A few useful Bash features that may not be well known
Hosted by Dave Morriss on Wednesday 2015-08-26 is flagged as Explicit and is released under a CC-BY-SA license.
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This is an open series in which Hacker Public Radio Listeners can share their Bash scripting knowledge and experience with the community. General programming topics and Bash commands are explored along with some tutorials for the complete novice.
Today I want to talk about three Bash commands:
These let you change directory on a Linux system (and others which support Bash) but keep a record of where you have been in a stack structure. The stack can be viewed and manipulated with these commands as well.
I have written out a moderately long set of notes about these commands and these are available here https://hackerpublicradio.org/eps/hpr1843_full_shownotes.html.
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Comment #1 posted on 2015-08-27T06:40:23Z by Ken Fallon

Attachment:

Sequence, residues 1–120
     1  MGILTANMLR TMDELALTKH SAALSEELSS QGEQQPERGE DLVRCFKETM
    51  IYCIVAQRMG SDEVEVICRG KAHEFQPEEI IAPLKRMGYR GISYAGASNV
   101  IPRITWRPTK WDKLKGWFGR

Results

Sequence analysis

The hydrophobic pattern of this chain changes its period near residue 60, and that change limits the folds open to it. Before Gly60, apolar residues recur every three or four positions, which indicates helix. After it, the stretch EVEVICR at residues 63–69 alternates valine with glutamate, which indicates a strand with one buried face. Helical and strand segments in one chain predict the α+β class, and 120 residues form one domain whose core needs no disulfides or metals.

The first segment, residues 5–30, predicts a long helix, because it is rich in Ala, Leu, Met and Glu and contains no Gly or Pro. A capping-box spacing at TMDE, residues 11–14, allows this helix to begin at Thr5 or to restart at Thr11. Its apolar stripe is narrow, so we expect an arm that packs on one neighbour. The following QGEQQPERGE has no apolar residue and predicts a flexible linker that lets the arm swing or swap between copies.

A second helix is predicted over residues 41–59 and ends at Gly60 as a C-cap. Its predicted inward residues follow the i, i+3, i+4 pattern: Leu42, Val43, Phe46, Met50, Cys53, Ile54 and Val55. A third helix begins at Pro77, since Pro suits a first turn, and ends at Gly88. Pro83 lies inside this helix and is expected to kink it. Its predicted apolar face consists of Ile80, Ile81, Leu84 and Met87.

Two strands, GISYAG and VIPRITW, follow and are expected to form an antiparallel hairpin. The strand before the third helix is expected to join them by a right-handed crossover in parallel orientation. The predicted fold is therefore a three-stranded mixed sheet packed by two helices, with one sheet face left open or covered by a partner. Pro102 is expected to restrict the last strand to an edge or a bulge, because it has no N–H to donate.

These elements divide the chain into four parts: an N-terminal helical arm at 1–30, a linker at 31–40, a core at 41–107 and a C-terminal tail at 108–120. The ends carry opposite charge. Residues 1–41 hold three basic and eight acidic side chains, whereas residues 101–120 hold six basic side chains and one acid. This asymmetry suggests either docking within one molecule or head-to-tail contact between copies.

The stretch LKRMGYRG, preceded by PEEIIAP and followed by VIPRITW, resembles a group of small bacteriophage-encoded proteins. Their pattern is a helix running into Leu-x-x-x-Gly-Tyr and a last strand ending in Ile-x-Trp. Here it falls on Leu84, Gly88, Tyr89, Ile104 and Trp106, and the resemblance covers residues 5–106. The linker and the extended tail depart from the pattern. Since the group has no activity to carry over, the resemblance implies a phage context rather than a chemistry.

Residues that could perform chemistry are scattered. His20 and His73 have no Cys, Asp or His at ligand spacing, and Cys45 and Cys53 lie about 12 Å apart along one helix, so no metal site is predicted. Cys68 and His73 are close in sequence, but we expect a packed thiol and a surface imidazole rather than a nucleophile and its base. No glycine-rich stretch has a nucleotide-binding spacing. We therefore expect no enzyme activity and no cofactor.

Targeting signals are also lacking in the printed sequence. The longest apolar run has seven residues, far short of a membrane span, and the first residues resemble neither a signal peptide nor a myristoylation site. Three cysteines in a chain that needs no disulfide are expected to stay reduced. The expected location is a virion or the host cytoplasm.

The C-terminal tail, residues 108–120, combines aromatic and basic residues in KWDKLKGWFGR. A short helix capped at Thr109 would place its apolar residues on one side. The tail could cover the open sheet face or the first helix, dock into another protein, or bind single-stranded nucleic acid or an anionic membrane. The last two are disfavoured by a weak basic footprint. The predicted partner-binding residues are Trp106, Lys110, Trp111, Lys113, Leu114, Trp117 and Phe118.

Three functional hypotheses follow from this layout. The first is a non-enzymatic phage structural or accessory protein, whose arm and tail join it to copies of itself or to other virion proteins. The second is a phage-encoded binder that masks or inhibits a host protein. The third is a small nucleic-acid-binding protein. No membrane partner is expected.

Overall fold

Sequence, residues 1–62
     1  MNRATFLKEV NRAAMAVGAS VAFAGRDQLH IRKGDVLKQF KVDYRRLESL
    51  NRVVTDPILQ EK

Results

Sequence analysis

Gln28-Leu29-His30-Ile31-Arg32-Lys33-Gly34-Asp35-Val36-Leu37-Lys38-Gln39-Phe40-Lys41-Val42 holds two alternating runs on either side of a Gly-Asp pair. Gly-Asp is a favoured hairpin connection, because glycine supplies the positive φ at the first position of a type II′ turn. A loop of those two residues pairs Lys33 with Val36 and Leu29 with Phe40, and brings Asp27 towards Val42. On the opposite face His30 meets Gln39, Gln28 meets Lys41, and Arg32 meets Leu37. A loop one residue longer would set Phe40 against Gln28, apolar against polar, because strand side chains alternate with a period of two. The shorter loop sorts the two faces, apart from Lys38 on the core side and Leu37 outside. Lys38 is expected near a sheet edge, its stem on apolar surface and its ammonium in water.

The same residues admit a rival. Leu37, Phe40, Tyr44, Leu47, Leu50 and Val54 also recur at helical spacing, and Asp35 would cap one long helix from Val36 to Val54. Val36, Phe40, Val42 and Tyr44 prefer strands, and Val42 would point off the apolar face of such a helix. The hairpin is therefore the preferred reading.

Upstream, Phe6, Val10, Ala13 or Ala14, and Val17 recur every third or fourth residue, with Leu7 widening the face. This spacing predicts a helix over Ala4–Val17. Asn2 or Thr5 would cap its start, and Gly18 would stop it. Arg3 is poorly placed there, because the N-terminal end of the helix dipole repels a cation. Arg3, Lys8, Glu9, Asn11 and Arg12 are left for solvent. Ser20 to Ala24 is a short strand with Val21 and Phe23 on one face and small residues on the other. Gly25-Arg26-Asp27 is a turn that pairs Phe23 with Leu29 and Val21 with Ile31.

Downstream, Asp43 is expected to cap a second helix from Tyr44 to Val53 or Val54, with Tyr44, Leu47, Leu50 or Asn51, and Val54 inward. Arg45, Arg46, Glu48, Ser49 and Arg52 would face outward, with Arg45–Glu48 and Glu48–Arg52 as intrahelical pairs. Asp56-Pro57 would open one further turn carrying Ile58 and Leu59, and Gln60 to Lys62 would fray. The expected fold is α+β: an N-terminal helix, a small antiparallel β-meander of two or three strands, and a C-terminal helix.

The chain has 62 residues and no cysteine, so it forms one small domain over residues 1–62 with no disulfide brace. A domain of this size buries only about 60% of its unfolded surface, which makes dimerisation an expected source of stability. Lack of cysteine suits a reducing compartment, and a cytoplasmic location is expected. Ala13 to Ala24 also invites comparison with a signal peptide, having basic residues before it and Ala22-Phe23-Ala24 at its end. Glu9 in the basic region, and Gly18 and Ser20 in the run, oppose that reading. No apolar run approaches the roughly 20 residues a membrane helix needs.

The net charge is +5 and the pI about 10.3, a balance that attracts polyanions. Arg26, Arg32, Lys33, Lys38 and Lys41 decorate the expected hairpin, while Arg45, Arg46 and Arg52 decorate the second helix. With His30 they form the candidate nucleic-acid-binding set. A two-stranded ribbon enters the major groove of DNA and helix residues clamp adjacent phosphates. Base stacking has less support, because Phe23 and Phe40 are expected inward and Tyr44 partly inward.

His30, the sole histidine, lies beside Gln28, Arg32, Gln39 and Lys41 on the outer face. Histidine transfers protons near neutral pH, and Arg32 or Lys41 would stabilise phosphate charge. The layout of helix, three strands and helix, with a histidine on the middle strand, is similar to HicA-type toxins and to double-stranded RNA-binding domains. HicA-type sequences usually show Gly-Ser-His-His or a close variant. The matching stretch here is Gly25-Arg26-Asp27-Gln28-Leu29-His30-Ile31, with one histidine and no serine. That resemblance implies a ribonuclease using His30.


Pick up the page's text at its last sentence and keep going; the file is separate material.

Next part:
I could never get my head around these commands, and your show has clarified them for me.
I have never been able to get a use case for this, that cannot be done using
That jumps you back to the previous directory. Running it again brings you back to where you started.
Comment #2 posted on 2015-08-28T11:49:33Z by Dave Morriss
Maybe obsolescent or outmoded
As I said in the episode, I use these less than I used to, though I do still use them.
cd , cd- and cd only let you move between a given directory, the previous one and $HOME, whereas pushd and popd let you manipulate a much larger collection of directories.
If I'm connecting to a remote VPS or something I might do this:
pushd -n ~/Community_News/; pushd -n ~/Database/; pushd -n ~/IA/; pushd -n ~/content_cleaning/
(note the '~/' at the start to make these absolute paths)
Then I might hop around between directories with for example:
Even this has been largely superseded by screen and tmux, I will admit.
I'm probably just old-fashioned :-)
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